Sherard et al v. Safeco Insurance Company of America

Filing 41

ORDER granting in part and denying in part deft's 19 Motion for Summary Judgment and denying plaintiffs Erin Schlect, Fred Schlect, Carol Sherard and Glenn Sherard's 28 Motion for Partial Summary Judgment, by Judge Marsha J. Pechman. (PM)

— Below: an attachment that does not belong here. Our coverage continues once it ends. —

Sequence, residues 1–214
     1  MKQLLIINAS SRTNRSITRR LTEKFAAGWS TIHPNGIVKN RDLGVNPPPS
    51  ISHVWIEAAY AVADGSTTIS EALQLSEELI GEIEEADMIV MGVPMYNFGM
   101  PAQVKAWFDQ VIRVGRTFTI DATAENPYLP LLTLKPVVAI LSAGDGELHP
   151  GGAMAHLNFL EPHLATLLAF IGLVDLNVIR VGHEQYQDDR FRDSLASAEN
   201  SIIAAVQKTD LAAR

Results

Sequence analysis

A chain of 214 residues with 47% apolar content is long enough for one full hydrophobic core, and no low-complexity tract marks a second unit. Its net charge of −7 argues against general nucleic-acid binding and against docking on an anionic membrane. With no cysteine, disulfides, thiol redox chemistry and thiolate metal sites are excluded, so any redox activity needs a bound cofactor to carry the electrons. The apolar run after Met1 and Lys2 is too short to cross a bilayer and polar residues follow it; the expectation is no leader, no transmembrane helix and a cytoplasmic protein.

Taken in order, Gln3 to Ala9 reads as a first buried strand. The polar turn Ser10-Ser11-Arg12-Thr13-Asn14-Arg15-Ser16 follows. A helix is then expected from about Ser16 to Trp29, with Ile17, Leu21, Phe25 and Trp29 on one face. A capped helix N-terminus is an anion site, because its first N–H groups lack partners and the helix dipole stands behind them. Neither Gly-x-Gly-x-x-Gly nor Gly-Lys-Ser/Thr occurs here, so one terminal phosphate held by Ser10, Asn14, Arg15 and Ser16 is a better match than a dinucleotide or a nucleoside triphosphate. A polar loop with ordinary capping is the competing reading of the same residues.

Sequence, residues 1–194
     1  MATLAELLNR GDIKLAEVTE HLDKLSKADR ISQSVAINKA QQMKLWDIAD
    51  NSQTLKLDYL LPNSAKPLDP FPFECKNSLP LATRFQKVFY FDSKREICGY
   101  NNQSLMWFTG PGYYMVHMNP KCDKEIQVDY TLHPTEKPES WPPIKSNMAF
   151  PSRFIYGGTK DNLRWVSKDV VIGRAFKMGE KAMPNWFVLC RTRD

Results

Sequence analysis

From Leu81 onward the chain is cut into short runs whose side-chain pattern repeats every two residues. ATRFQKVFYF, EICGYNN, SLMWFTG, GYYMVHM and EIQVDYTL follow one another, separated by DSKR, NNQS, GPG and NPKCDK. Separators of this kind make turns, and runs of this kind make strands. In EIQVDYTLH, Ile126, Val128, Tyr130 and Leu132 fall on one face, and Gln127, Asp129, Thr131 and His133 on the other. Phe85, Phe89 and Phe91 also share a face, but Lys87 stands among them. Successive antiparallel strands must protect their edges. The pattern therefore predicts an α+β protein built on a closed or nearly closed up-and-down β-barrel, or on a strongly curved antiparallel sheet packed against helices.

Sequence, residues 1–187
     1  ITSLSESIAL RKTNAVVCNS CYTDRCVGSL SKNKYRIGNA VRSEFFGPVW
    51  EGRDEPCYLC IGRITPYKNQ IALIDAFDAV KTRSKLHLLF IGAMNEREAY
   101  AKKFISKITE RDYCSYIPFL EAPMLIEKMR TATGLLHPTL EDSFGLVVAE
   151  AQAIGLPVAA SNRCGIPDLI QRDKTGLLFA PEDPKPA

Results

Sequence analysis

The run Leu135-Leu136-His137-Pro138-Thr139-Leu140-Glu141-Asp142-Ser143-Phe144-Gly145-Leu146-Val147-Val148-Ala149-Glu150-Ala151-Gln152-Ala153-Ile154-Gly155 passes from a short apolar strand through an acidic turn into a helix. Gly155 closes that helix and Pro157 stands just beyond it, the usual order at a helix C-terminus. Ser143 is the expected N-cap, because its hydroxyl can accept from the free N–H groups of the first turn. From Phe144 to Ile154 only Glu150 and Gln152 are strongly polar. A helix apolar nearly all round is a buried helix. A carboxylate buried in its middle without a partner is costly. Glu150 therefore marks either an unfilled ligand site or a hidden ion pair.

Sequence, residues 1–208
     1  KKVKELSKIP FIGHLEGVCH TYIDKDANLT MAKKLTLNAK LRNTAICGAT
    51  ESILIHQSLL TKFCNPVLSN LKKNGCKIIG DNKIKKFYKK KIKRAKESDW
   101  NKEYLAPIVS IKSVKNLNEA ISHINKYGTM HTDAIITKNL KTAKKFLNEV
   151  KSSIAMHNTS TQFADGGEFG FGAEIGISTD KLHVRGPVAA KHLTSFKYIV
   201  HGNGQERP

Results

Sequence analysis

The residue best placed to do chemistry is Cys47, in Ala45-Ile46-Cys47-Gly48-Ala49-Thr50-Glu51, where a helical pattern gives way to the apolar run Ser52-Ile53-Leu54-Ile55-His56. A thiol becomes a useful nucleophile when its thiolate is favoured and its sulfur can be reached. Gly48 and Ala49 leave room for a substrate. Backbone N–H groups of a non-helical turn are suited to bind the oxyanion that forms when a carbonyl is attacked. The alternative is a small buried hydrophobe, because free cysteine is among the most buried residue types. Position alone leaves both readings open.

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1 2 3 4 5 6 7 UNITED STATES DISTRICT COURT WESTERN DISTRICT OF WASHINGTON AT SEATTLE 8 9 10 GLENN SHERARD et al., 11 12 13 Plaintiffs, v. CASE NO. C14-840 MJP ORDER ON MOTION FOR SUMMARY JUDGMENT, MOTION FOR PARTIAL SUMMARY JUDGMENT SAFECO INSURANCE COMPANY OF AMERICA, 14 Defendant. 15 16 THIS MATTER comes before the Court on Defendant Safeco Insurance Company of 17 America’s Motion for Summary Judgment (Dkt. No. 19) and Plaintiffs Erin Schlect, Fred 18 Schlect, Carol Sherard, and Glenn Sherard’s Motion for Partial Summary Judgment (Dkt. No. 19 28). Having reviewed the Motions, the Responses (Dkt. Nos. 21, 35), the Replies (Dkt. Nos. 27, 20 37), and all related papers, the Court hereby GRANTS Defendant’s Motion in part and DENIES 21 it in part and DENIES Plaintiffs’ Motion. 22 23 24 ORDER ON MOTION FOR SUMMARY JUDGMENT, MOTION FOR PARTIAL SUMMARY JUDGMENT- 1 1 Background 2 This case concerns a landlord insurance policy issued by Safeco Insurance Policy to 3 Plaintiffs Carol Sherard and Glenn Sherard for a rental house in Monroe, Washington. Relevant 4 provisions of the policy include the following “General Condition[ ]”: 5 6 7 8 9 10 11 12 13 14 15 5. Loss Settlement. Covered property losses are settled as follows but not exceeding the applicable limit of liability stated in the Declarations: a. the dwelling under Coverage A — Dwelling: (1) We will pay the full cost of repair or replacement, without deduction for depreciation, but not exceeding the smallest of the following amounts: (a) the limit of liability under this policy applying to the dwelling; (b) the replacement cost of that part of the damaged dwelling for equivalent construction and use on the same premises as determined shortly following the loss; or (c) the amount actually and necessarily incurred to repair or replace the damaged dwelling. [ . . . .] (4) When the cost to repair or replace the damage is more than $1,000, we will pay the difference between the actual cash value and replacement cost only after the damaged or destroyed property has actually been repaired or replaced. (5) You may disregard the replacement cost loss settlement provisions under this policy for loss or damage on an actual cash value basis. You may still make claim for any additional liability according to the provisions of this Condition 5. Loss Settlement, provided you notify us of your intent to do so within 180 days after the date of loss. 16 (Dkt. No. 19, Smith Decl., Ex. 1 at 31–32.) Also relevant is the following “Definition[ ]”: 17 18 19 20 21 22 23 2. “Actual Cash Value” a. When damage to property is economically repairable, actual cash value shall mean the cost of materials and labor that would be necessary to repair the damage, less reasonable deduction for wear and tear, deterioration and obsolescence. b. When damage to property is not economically repairable or loss prevents repair actual cash value shall mean the market value of property in a used condition equal to that of the lost or damaged property, if reasonably available on the used market. c. Otherwise, actual cash value shall mean the market value of new, identical or nearly identical property, less reasonable deduction for wear and tear, deterioration and obsolescence. d. Actual cash value shall not include taxes or any expenses unless incurred following the loss. 24 ORDER ON MOTION FOR SUMMARY JUDGMENT, MOTION FOR PARTIAL SUMMARY JUDGMENT- 2 1 (Id. at 35.) There is no definition given for “economically repairable.” 2 A further policy “Declaration” reflects that the Sherards purchased “EXTENDED 3 DWELLING COVERAGE—25% OF COV A LIMIT” for an $8 premium. (Id. at 13.) This 4 “EXTENDED DWELLING COVERAGE” is described in an addendum: 5 6 7 8 9 10 11 12 For an additional premium, the following is added to Loss Settlement, item 5.a. under General Conditions: (7) We will settle covered losses to the dwelling up to an additional 25% of the limit of liability shown in the Declarations for Coverage A provided you: (a) insure the dwelling to 100% of its replacement cost as agreed by us; (b) accept any yearly adjustments by us of Coverage A reflecting changes in the cost of construction for the area; (c) notify us of any addition or other remodeling which increases the replacement cost of the dwelling $5,000 or more: i. within 90 days of the start of construction; or ii. before the end of the policy period in which construction begins; and pay any resulting additional premium; and (d) repair or replace the damaged dwelling. If you fail to comply with any of the above provisions, the limit of liability shown in the Declarations for Coverage A shall apply. 13 (Id. at 41.) The Declaration also shows that the coverage “limit” on the dwelling was $116,100. 14 (Id. at 14.) 15 The parties do not dispute that the insured property experienced a fire on or around July 16 10, 2013, during the policy term. (Dkt. No. 19 at 3; Dkt. No. 21 at 2.) There is also no dispute 17 that fire is covered by the policy and that the Sherards timely notified Safeco of the loss. (Dkt. 18 No. 21 at 3.) On July 11, Safeco’s adjuster Kurt Abendschein sent a letter to the Sherards 19 informing them that he was the “main contact” for their claim and also informing them that their 20 policy limit for Coverage A: Dwelling was $116,100 with a deductible of $1,000. (Dkt. No. 29, 21 Ex. B at 3.) No mention was made of the Sherards’ extended dwelling coverage. On July 19, 22 Safeco’s adjuster Scott Ames estimated the “replacement cost value” of the house at 23 $124,777.70. (See Dkt. No. 22, Ex. A at 19; Dkt. No. 35 at 2; Dkt. No. 21 at 3.) At some point 24 ORDER ON MOTION FOR SUMMARY JUDGMENT, MOTION FOR PARTIAL SUMMARY JUDGMENT- 3 1 after the fire but by approximately July 26, 2015, the Sherards retained Bud Dyer of Cascade 2 Adjusters to assist them with their claim and Mr. Dyer notified Safeco of his representation. (See 3 Dkt. No. 35 at 3; Smith Decl., Dkt. No. 36, Ex. 7 at 14.) On July 26, 2015, Mr. Abendschein 4 sent Mr. Dyer a letter apparently enclosing the Ames estimate. (See Dkt. No. 36, Ex. 8 at 16–17; 5 Dkt. No. 29, Ex. C.) Mr. Dyer responded on July 29, arguing that a market appraisal on which 6 Safeco had proposed basing the actual cash value was unnecessary because a visual inspection of 7 the property indicated it was “certainly repairable.” (Dkt. No. 29, Ex. C. at SAFECO000160.) He 8 further asserted that “Clearly Mr. Ames has determined that it is economically feasible to repair 9 this home as his estimate to do so totals less than the extended dwelling limits afforded by the 10 policy. This in itself would seem to nullify the need to fall back on a market appraisal in order to 11 establish the actual cash value of this loss.” (Id.) Mr. Abendschein responded on July 30, 2015, 12 in a way that suggested that the determination that a structure is “economically repairable” is 13 made by comparing the policy limits and the estimated replacement cost: 14 15 Option A —Extended Dwelling Coverage requires that the dwelling is insured to l00%.of its replacement cost. The Coverage A — Dwelling limit is $116,100. The replacement cost estimate is $124,777.70 which means the structure is not economically repairable. 16 (Dkt. No. 22, Ex. 2 at 2.) However, Mr. Abendschein did not address Mr. Dyer’s argument that 17 the policy limits measurement should include the 25% greater policy limits provided by the 18 extended dwelling coverage. Mr. Abendschein later stated in his deposition that coverage limits 19 are not applicable to the economically repairable calculation: “We make the determination of 20 economically feasible or economically repairable based on the item’s value. You could have 21 situations where the coverage for the dwelling is grossly under or grossly over the value of that 22 dwelling structure. So the only fair way to do it is to do it by that dwelling’s actual market 23 value.” (Dkt. No. 29, Ex. F. at 26:23–27:4.) 24 ORDER ON MOTION FOR SUMMARY JUDGMENT, MOTION FOR PARTIAL SUMMARY JUDGMENT- 4 1 On August 7, Mr. Abendschein sent Mr. Dwyer a letter providing him the results of the 2 market value appraisal and informing him a check was sent representing the “actual cash value” 3 of the property as appraised. (Dkt. No. 36, Ex. 10 at 21.) Mr. Dwyer inquired whether the 4 separate repair or replacement cost payment (known as the “depreciation holdback” or 5 “replacement cost holdback”) could be applied to improvements on the Sherards’ residence 6 rather than to this or another rental house; Safeco answered that it could not. (Dkt. No. 36, Ex. 12 7 at 28; id., Ex. 14 at 32–33.) Defendant claims Mr. Dwyer then informed Safeco that the Sherards 8 did not intend to rebuild (Dkt. No. 36, Ex. 15 at 35), but the exhibit in question is more nuanced, 9 complaining that Safeco had thus far failed to reimburse the Sherards for demolition and debris10 removal costs that had already been incurred and explaining that “[T]he insured’s have been 11 forced to rely upon funds initially paid as the actual cash value of the loss in order to clear 12 amounts owed by them for services provided. Based on limited funds available at this time, the 13 insured’s cannot proceed with the rebuilding process.” (Id.) 14 Thereafter, the Sherards sought to assign the claim for the replacement payment to their 15 adult daughter, Erin Schlect, who was then in the process of purchasing a new home with her 16 husband. (Dkt. No. 36, Ex. 16.) After a number of communications and research into the 17 question whether such a claim could be assigned, Safeco refused to accept the assignment on 18 March 3, 2014. (Dkt. No. 36, Ex. 22 at 51.) At this time, the Safeco representative noted, “Our 19 loss measurement to date includes an agreed cost of repair with Restoreco to repair the dwelling 20 with like, kind and quality materials for $124,777.70, which included debris removal costs of 21 $8,727.06. Since the insured incurred debris removal separately, the net amount applicable to 22 reconstruction is $116,043.64. Mrs. Sherard’s base limit for the dwelling is $116,100 and 23 appears to be in line with its replacement cost. This triggers Extended Dwelling Coverage (EDC) 24 ORDER ON MOTION FOR SUMMARY JUDGMENT, MOTION FOR PARTIAL SUMMARY JUDGMENT- 5 1 for an additional 25% of the policy limits available. With EDC, Mrs. Sherard’s policy limit is 2 $145,125.00 if she incurs the replacement of the property [ . . . ] You have told me Mrs. Sherard 3 has been seeking alternative ways to make her Replacement Cost claim because she feels 4 financially prohibited from rebuilding. Based on the damage figures presented, this doesn’t seem 5 to be the case. She appears to have limits sufficient to cover the costs.” (Dkt. No. 36, Ex. 22 at 6 51.) 7 Plaintiffs differed from the interpretation of the policy to forbid such an assignment, and 8 this suit, alleging breach of contract by failing to properly investigate, adjust, and pay claims as 9 required by the policy, as well as for refusing to allow the assignment of the replacement cost 10 claim; violation of the Washington Consumer Protection Act by violating statutory law and the 11 Washington Administrative Code; bad faith; and violation of the Insurance Fair Conduct Act, 12 ensued. 13 Defendant Safeco now brings a motion for summary judgment, arguing the purported 14 assignment of the claim to Ms. Schlect was invalid, the contractual and extracontractual claims 15 by the Sherards must be dismissed because they disavow any rights under the purportedly 16 assigned policy, and the Shlects’ contractual and extracontractual claims must be dismissed 17 because their primary residence does not qualify as a replacement under the policy and because 18 the purported assignment to them was ineffective. (Dkt. No. 19.) 19 Plaintiffs bring a cross-motion for partial summary judgment, arguing Safeco 20 misrepresented policy provisions as a matter of law by failing to disclose the extended dwelling 21 coverage when discussing available policy limits in violation of WAC 284-30-350 and WAC 22 284-30-330(1); that the term “economically repairable” in the calculation of actual cash value is 23 at minimum ambiguous and should be construed against Safeco to mean it costs less to repair a 24 ORDER ON MOTION FOR SUMMARY JUDGMENT, MOTION FOR PARTIAL SUMMARY JUDGMENT- 6 1 structure than is available under the policy limits; that Safeco failed to conduct a reasonable 2 investigation in violation of WAC 284-30-340 by conducting faulty legal research into the post3 loss assignment question; and that Safeco failed to adopt reasonable standards for the 4 investigation of the claim in violation of WAC 284-30-330(3) by failing to document the 5 rationale for refusing the assignment of the claim in the claim file or provide standards for 6 evaluating such a request and by using a market appraisal for impermissible purposes. 7 Discussion 8 I. 9 Summary judgment is appropriate if the evidence, when viewed in the light most Summary Judgment Standard 10 favorable to the non-moving party, demonstrates that “there is no genuine dispute as to any 11 material fact and the movant is entitled to judgment as a matter of law.” Fed. R. Civ. P. 56(a); 12 See Celotex Corp. v. Catrett, 477 U.S. 317, 322 (1986). If the movant meets this initial burden, 13 then the burden shifts to the non-moving party to “designate specific facts” showing that there is 14 a genuine issue of material fact for trial that precludes summary judgment. Celotex Corp., 477 15 U.S. at 324. An issue of fact is “genuine” if it can reasonably be resolved in favor of either party. 16 Anderson v. Liberty Lobby, Inc., 477 U.S. 242, 248 (1986). An issue of fact is “material” if it 17 “might affect the outcome of the suit under the governing law.” Id. 18 Under Washington law, “[i]nsurance policies are to be construed as contracts, and 19 interpretation is a matter of law.” State Farm Gen. Ins. Co. v. Emerson, 102 Wn.2d 477, 480 20 (1984). “The entire contract must be construed together in order to give force and effect to each 21 clause,” and be enforced “as written if the language is clear and unambiguous.” Wash. Pub. Util. 22 Dists.’ Utils. Sys. v. Pub. Util. Dist. No. 1 of Clallam Cnty., 112 Wn.2d 1, 10 (1989). If, on the 23 other hand, “a policy provision on its face is fairly susceptible to two different but reasonable 24 ORDER ON MOTION FOR SUMMARY JUDGMENT, MOTION FOR PARTIAL SUMMARY JUDGMENT- 7 1 interpretations, the policy is ambiguous and the court must attempt to discern and enforce the 2 contract as the parties intended.” Transcon. Ins. Co., 111 Wn.2d at 456–57. 3 An insurance contract “will be given a practical and reasonable interpretation that fulfills 4 the object and purpose of the contract rather than a strained or forced construction that leads to 5 an absurd conclusion, or that renders the contract nonsensical or ineffective.” Wash. Pub., 112 6 Wn.2d at 11. Insurance contracts are interpreted “as an average insurance purchaser would 7 understand them and give undefined terms in these contracts their ‘plain, ordinary, and popular’ 8 meaning.” Kish v. Ins. Co. of N. Am, 125 Wn.2d 164, 170 (1994) (quoting Boeing Co. v. Aetna 9 Cas. & Sur. Co., 113 Wn.2d 869, 877). If, after attempting to discern the parties’ intent, the 10 insurance contract language remains ambiguous, “the court will apply a meaning and 11 construction most favorable to the insured, even though the insurer may have intended another 12 meaning.” Transcon. Ins. Co., 111 Wn.2d at 457. 13 II. 14 Defendant and Plaintiffs both move for summary judgment on the issue whether the Validity of Attempted Assignment of the Claim for Replacement Cost Holdback 15 assignment of the replacement cost holdback was valid in this case. The Court holds in favor of 16 Defendant’s Motion. The answer to this question turns on law rather than disputed facts. Post17 loss assignments are generally valid in Washington, despite language in the policy forbidding 18 assignment without the insurer’s permission. See PUD No. 1 v. Int’l Ins. Co., 124 Wn.2d 789, 19 800 (1994); Kiecker v. Pacific Indem. Co., 5 Wn. App. 871, 877 (1971). Washington thus 20 follows the “rule that general stipulations in policies prohibiting assignments of the policy, 21 except with the consent of the insurer, apply only to assignments before loss, and do not prevent 22 an assignment after loss.” 3 Couch on Ins. § 35:8. The rationale for this distinction is that “the 23 purpose of a no assignment clause is to protect the insurer from increased liability, and after 24 ORDER ON MOTION FOR SUMMARY JUDGMENT, MOTION FOR PARTIAL SUMMARY JUDGMENT- 8 1 events giving rise to the insurer’s liability have occurred, the insurer’s risk cannot be increased 2 by a change in the insured’s identity.” Id. 3 An insurance policy which requires rebuilding or replacement of the property prior to a 4 claim for the replacement cost payment is acceptable in Washington, and indeed, a policy with 5 language similar to the Condition 5 (Loss Settlement) provision in the Sherards’ policy was 6 interpreted to forbid a claim for the replacement cost payment where the owners had not rebuilt 7 or replaced the property and had no intention to do so. Hess v. N. Pacific Ins. Co., 122 Wn.2d 8 180, 186–87 (1993). The language “. . . we will pay the difference between the actual cash value 9 and replacement cost only after the damaged or destroyed property has actually been repaired or 10 replaced” thus means that no claim for the replacement cost has accrued until “actual repair[] or 11 replace[ment]” has taken place. (See Dkt. No. 19, Smith Decl., Ex. 1 at 32.) 12 When these two strands of case law are read together, it is clear a claim for the 13 replacement cost holdback cannot be assigned before “the events giving rise to the insurer’s 14 liability,” including actual rebuilding or replacement, have occurred. See PUD No. 1, 124 15 Wn.2d. at 800 (1994) (“The plaintiffs argue, however, that even though a policy specifically 16 prohibits assignments, an assignment of a claim, a cause of action, or proceeds may nonetheless 17 be valid if made after the events giving rise to liability have already occurred when the 18 assignment is made. We agree and affirm the trial court’s summary judgment on the validity of 19 the assignments. The purpose of a no assignment clause in an insurance contract is to protect the 20 insurer from increased liability. After the events giving rise to the insurer’s liability have 21 occurred, the insurer’s risk cannot be increased by a change in the insured’s identity.”) 22 (emphases added); Kiecker, 5 Wn. App. at 877 (“After a loss has occurred and rights under the 23 policy have accrued, an assignment may be made without the consent of the insurer, even though 24 ORDER ON MOTION FOR SUMMARY JUDGMENT, MOTION FOR PARTIAL SUMMARY JUDGMENT- 9 1 the policy prohibits assignments.”) (emphasis added). The requirement that an assignment must 2 be post-loss is necessary but not sufficient where there exists an additional prerequisite to 3 recovery. If the Court were to hold otherwise, the policy provision limiting the replacement cost 4 payment to no more than the amount “actually and necessarily incurred” in repair or replacement 5 would not function as a limit on recovery, as the parties intended. (Dkt. No. 19, Ex. 1 at 31.) 6 Rather, the insureds could transfer the claim for the entire replacement cost to any third party 7 interested in purchasing property, and the insurer’s exposure would be certain and not 8 contingent. 9 Because the Court holds that no valid assignment took place, The Court need not address 10 Safeco’s arguments regarding the validity of post-loss assignments absent a “financial interest” 11 by the assignee in the insured property or the validity of an oral assignment of the replacement 12 cost holdback under Washington law. 13 III. 14 Safeco argues that contractual and extra-contractual claims by either the Sherards or the Other Issues in Safeco’s Motion 15 Schlects must be dismissed because of the attempted assignment. Although Plaintiffs’ 16 contractual and extra-contractual claims directly relating to the validity of the assignment are 17 moot in light of the Court’s holding on the validity of the assignment, Plaintiffs still have several 18 other contractual and extra-contractual claims, including claims relating to Safeco’s 19 representations as to the policy limit and extended dwelling coverage purchased by the Sherards. 20 The Sherards may have attempted to assign these claims to the Schlects as well, so the Court 21 must assess whether this aspect of the assignment was effective. 22 Safeco notes that generally speaking, an assignment must be in writing to be enforced. 23 See RCW 4.08.080. Oral assignments may nonetheless be recognized where the assignor 24 ORDER ON MOTION FOR SUMMARY JUDGMENT, MOTION FOR PARTIAL SUMMARY JUDGMENT- 10 1 personally testifies to the assignment. MRC Receivables Corp. v. Zion, 152 Wn. App. 625, 631 2 (2009). Here, a declaration by one purported assignor, Mr. Sherard, indicates that the assignors 3 intended to assign “replacement cost proceeds,” not any other claims they may have had. 4 (Sherard Decl., Dkt. No. 23 at 4–5.) 5 The Court concludes that either because the assignment was not writing or because the 6 terms of the assignment included only replacement cost proceeds and not other contractual or 7 extra-contractual claims, no assignment of contractual or extra-contractual claims took place, and 8 any such claims remain with the Sherards. The Court does not agree with Safeco’s unsupported 9 position that simply because the Sherards incorrectly believe they had made a valid assignment, 10 they waive their right to assert otherwise viable claims. (See Dkt. No. 19 at 20–21.) Argument in 11 the alternative is acceptable. 12 Safeco further argues the Sherards cannot prove damages in any of their contractual or 13 extracontractual claims, but the absence of damages for the assignment claim does not 14 necessarily preclude damages for other claims such as the CPA claim regarding 15 misrepresentation of applicable policy limits—claims Safeco does not address in its motion 16 except to argue that they were waived because they did not appear as such in the Amended 17 Complaint and the answer to a damages interrogatory. (Dkt. No. 27 at 6.) The Amended 18 Complaint put Safeco on notice that Plaintiffs were claiming it paid a lower actual cash value 19 payment based on an erroneous interpretation of the undefined phrase “economically repairable” 20 and that Safeco misrepresented the policy limits available pursuant to the purchase of extended 21 dwelling coverage. (See Am. Compl., Dkt. No. 18 at 2.) An imprecise interrogatory response 22 alone does not constitute waiver under these circumstances. 23 24 ORDER ON MOTION FOR SUMMARY JUDGMENT, MOTION FOR PARTIAL SUMMARY JUDGMENT- 11 1 The Court therefore grants Safeco’s motion for summary judgment on Plaintiffs’ 2 contractual and extracontractual claims with respect to the Schlects only. 3 IV. 4 Because the Court finds that no assignment occurred as a matter of law and that Safeco Plaintiffs’ Motion for Partial Summary Judgment 5 was within its rights to deny the request for the assignment of a claim that had not accrued, the 6 Court denies Plaintiffs’ Motion with respect to claims related to Safeco’s handling of the 7 assignment request. Plaintiffs also ask the Court to grant summary judgment in favor of Plaintiffs 8 on their claim that Safeco failed to adopt and implement reasonable standards for the 9 investigation of an insurance claim by failing to adopt any policy, procedures, or training related 10 to adjustment of their claim as it relates to the interpretation of the phrase “economically 11 repairable,” and to grant summary judgment in favor of Plantiffs on their claim that Safeco 12 misrepresented policy limits and concealed pertinent policy benefits or coverages in violation of 13 WAC 284-30-350 and engaged in unfair settlement practices by misrepresenting policy limits in 14 violation of WAC 284-30-330(1). (Dkt. No. 28 at 1–2; 12–13.) 15 Plaintiffs first claim they are entitled to an actual cash value payment based on the 16 policy’s definition for “economically repairable” property because their replacement cost limits 17 (with the extended dwelling coverage) exceed Safeco’s estimated cost of repair or replacement. 18 (Dkt. No. 28 at 13–15.) Safeco counters that the phrase “economically repairable” is understood 19 by the industry, its adjusters, and courts in various jurisdictions outside Washington, solely with 20 reference to the market value of the depreciated property prior to the loss. (Dkt. No. 35 at 17– 21 21.) Plaintiffs’ only evidence to counter this argument is that Safeco’s own adjuster appeared to 22 adopt the Sherards’ proposed interpretation of “economically repairable” in explaining to the 23 24 ORDER ON MOTION FOR SUMMARY JUDGMENT, MOTION FOR PARTIAL SUMMARY JUDGMENT- 12 1 Sherards why the non-economically repairable calculation would be used to calculate their actual 2 cash value payment prior to the appraisal: 3 4 Option A —Extended Dwelling Coverage requires that the dwelling is insured to l00%.of its replacement cost. The Coverage A — Dwelling limit is $116,100. The replacement cost estimate is $124,777.70 which means the structure is not economically repairable. 5 (Abendschein Letter, Dkt. No. 22, Ex. 2 at 2.) While this paragraph is not a model of clarity, it 6 does not amount to a representation by Safeco that contradicts the generally accepted definition 7 of “economically repairable,” but rather a clumsy attempt to respond in the alternative to the 8 argument promoted by Mr. Dwyer in a previous letter. (See Dkt. No. 35 at 6 (citing Abendschein 9 Dep., Dkt. No. 36-1, Ex. 23 at 32:9–33:3).) Because Safeco’s interpretation of the phrase also 10 accords with common sense, the Court denies summary judgment as to any contractual or 11 extracontractual claims based on the meaning of “economically repairable” in the calculation of 12 actual cash value payments under the policy. 13 Plaintiffs next argue Safeco failed to adopt reasonable standards for the investigation of 14 their claim by using an appraisal report in a manner other than to secure financing for the 15 property. (Dkt. No. 28 at 20; 37 at 3–4.) Because Plaintiff has not cited any authority supporting 16 its novel theory that the use of an appraisal report designed for mortgage finance transactions is 17 per se unreasonable when used in the insurance context, the Court denies summary judgment on 18 this WAC-based CPA claim. 19 Finally, Plaintiffs argue the Court should find WAC violations based on 20 misrepresentation of the policy limits as a matter of law. Safeco argues the extended dwelling 21 coverage provision applied only in the event of repair or replacement, the building was not 22 repaired or replaced at the time of the communications about the applicable coverage limits, and 23 Mr. Abendschein accurately stated the base “Coverage A limits” in the absence of repair or 24 ORDER ON MOTION FOR SUMMARY JUDGMENT, MOTION FOR PARTIAL SUMMARY JUDGMENT- 13 1 replacement. (Dkt. No. 35 at 16.) This argument regarding affirmative misrepresentations does 2 not assist Safeco with respect to WAC 284-30-350, which provides, “No insurer shall fail to 3 fully disclose to first party claimants all pertinent benefits, coverages or other provisions of an 4 insurance policy or insurance contract under which a claim is presented.” (See Dkt. No 29, Ex. B 5 (July 11, 2013 Abendschein Letter); Ex. D, July 31, 2013 Abendschein Letter).) Plaintiffs may 6 argue to a jury that Mr. Abendschein “[m]isrepresented pertinent facts or insurance policy 7 provisions” in violation of WAC 284-30-330(1) by omitting information about the extended 8 dwelling coverage in the absence of repair or replacement even as the insureds were actively 9 considering whether to repair or replace their property. However, a WAC violation does not give 10 rise to liability in the absence of damages and on this record Plaintiffs have not put forth 11 evidence of damage sufficient for the Court to grant summary judgment in their favor. ( In 12 addition, the second violation Plaintiffs allege, a WAC applicable to “insurance producer[s] or 13 title insurance agents,” does not appear to apply because State Farm’s adjuster was not an 14 insurance producer under Washington insurance law. See RCW 48.17.010 (“’Insurance 15 producer’ means a person required to be licensed under the laws of this state to sell, solicit, or 16 negotiate insurance.”).) The Court therefore denies summary judgment on Plaintiffs’ CPA claim 17 based on WAC violations. 18 19 Conclusion The Court GRANTS Safeco’s Motion on claims relating to the purported assignment 20 from the Sherards to the Schlects, GRANTS Safeco’s Motion as to claims brought by the 21 Schlects, DENIES Safeco’s Motion as to contractual and noncontractual claims brought by the 22 Sherards, and DENIES Plaintiffs’ Motion in full. 23 24 ORDER ON MOTION FOR SUMMARY JUDGMENT, MOTION FOR PARTIAL SUMMARY JUDGMENT- 14 1 The clerk is ordered to provide copies of this order to all counsel. 2 Dated this 9th day of October, 2015. 3 5 A 6 Marsha J. Pechman Chief United States District Judge 4 7 8 9 10 11 12 13 14 15 16 17 18 19 20 21 22 23 24 ORDER ON MOTION FOR SUMMARY JUDGMENT, MOTION FOR PARTIAL SUMMARY JUDGMENT- 15